Miracles Of Modern Science

Miracles Of Modern Science

Miracles of Modern Science are an unlikely rock band. Using just mandolin, violin, cello, standup bass, and drums, they create explosive pop that upends notions of what these instruments can do.

The band began life at Princeton University. Vocalist/bassist Evan Younger and mandolinist Josh Hirshfeld shared a hall their freshman year and soon began hijacking open mics with their off-kilter acoustic collaborations. They found kindred spirits in other restless musicians from the school’s orchestras and jazz bands: conductor-by-day cellist Geoff McDonald, Aussie violinist Kieran Ledwidge, and finally powerhouse drummer Tyler Pines, who spurred them to plug their miniature orchestra into amps. The band built a cult following on campus and graduated to New York City, where their ecstatic live shows and dorm-grown EP earned them nods from SPIN, Wired, NPR Morning Edition, and Brooklyn Vegan.

Dog Year, their debut LP, finds MOMS pushing the limits of their antique instruments and throwing aside conventions as readily as their genre-bending idols, Bowie and Bartok. You’ll hear unhinged baritone vocals anchored by a looming upright bass, mandolin riffs that share more DNA with post-rock than bluegrass, and a two-man “string section” shredding as ferociously as the rock drummer behind them. The result is as daring as it is infectious.

Princess Music

Recently overcoming his paralyzing shyness instilled by a harsh music conservatory environment, of which he only lasted three semesters, Tyler Ludwick actually managed to complete a healthy handful of folk songs! And gather an all-star cast of distinguished musicians from the greater Denver area to perform them under the name "Princess Music"! This group includes Laura Goldhamer on banjo, Robin Chestnut (from the Shift), recent CU masters graduates Psyche Cassandra Dunkhase and Rachel Sliker on cello and violin, and math-metal bassist Jeremy Averitt (from The Shift).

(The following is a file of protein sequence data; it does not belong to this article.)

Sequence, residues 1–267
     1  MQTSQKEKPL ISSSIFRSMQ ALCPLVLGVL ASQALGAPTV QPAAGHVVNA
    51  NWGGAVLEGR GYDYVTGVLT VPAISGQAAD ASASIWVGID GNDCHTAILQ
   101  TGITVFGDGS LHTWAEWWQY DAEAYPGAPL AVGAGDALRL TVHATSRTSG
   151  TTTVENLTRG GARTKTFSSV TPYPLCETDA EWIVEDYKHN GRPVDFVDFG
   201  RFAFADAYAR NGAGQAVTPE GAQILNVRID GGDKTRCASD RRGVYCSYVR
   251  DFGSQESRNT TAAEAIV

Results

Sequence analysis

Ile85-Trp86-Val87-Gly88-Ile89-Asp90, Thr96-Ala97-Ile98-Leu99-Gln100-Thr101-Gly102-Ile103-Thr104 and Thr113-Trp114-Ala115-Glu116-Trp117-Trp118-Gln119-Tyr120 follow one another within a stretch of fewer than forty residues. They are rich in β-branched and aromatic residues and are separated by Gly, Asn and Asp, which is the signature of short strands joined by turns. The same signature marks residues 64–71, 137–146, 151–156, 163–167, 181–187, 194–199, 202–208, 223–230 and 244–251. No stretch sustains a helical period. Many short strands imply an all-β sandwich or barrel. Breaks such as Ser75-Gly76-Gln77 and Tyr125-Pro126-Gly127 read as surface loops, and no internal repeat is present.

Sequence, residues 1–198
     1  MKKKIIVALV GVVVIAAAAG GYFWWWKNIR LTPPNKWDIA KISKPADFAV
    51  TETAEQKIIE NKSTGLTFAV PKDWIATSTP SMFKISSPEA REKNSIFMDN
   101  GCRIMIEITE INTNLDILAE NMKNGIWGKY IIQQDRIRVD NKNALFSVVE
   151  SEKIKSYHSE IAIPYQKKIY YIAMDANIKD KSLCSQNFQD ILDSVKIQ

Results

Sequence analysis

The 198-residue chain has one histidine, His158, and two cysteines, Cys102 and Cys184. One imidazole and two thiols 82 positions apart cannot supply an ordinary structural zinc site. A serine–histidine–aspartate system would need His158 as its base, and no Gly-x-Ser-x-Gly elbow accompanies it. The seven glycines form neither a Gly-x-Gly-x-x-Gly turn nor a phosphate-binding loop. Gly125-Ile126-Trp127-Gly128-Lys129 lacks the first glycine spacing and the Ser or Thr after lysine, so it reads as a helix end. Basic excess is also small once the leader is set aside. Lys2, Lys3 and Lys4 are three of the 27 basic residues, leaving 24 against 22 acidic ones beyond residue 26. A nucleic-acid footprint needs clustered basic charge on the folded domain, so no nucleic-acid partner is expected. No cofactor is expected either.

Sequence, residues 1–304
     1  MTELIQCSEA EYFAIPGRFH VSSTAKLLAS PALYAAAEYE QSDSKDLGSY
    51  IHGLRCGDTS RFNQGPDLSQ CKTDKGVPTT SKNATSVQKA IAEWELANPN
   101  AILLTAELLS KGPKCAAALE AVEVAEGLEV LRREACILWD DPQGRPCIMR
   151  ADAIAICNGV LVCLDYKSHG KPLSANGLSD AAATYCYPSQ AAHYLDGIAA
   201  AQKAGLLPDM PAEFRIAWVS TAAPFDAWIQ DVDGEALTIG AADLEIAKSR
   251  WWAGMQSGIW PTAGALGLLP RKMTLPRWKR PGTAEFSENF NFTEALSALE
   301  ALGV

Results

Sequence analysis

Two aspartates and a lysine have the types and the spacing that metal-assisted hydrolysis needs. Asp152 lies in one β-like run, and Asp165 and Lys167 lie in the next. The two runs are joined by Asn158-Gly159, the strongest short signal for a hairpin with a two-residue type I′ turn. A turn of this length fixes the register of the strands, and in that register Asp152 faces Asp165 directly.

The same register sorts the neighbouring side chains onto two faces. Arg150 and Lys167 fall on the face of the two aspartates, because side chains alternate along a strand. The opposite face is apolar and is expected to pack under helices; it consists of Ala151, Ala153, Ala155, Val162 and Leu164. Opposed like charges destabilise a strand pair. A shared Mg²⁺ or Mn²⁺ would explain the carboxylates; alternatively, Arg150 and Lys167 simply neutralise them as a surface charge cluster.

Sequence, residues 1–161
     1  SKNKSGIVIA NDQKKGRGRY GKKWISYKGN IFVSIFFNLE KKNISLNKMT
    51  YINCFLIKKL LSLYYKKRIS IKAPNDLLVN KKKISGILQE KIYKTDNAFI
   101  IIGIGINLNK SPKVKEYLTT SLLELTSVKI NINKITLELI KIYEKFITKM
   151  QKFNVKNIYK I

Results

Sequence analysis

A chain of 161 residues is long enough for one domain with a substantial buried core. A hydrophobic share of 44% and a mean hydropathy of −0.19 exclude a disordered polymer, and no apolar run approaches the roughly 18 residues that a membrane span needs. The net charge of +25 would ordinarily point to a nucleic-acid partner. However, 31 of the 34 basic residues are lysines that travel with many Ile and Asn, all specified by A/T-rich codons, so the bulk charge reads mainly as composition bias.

The group got its title from an unassuming 3-year-old audience member named Ezry at their first show, who was curious as to whether it was indeed going to be "princess music" performed that night. Luckily, it was. She would have been the harshest of critics and tantrum throwers if it were not to have accommodated her tastes. Thus, on that eighth day of January 2010, the name and the family of "Princess Music was born.

The music is both for the heart and the head, with poignant narratives and spiritually evocative content found within classically influenced rock structures. Princess Music is essentially a rock trio (electric guitar, bass and drum kit), with banjo and string parts often taking a primary role. Tyler takes his classical guitar training to a fender telecaster, his composition skills to cello and violin textures, and his drumming background to the overall polyrhythmic and irregular meters of the music.

The members of Princess Music are glad to have found one another. Tyler is elated.

Princess Music…made excellent use of the band's string-ensemble setup, topping off with a jam that started as percussion-based groove and built to a grand, orchestral close. -westword



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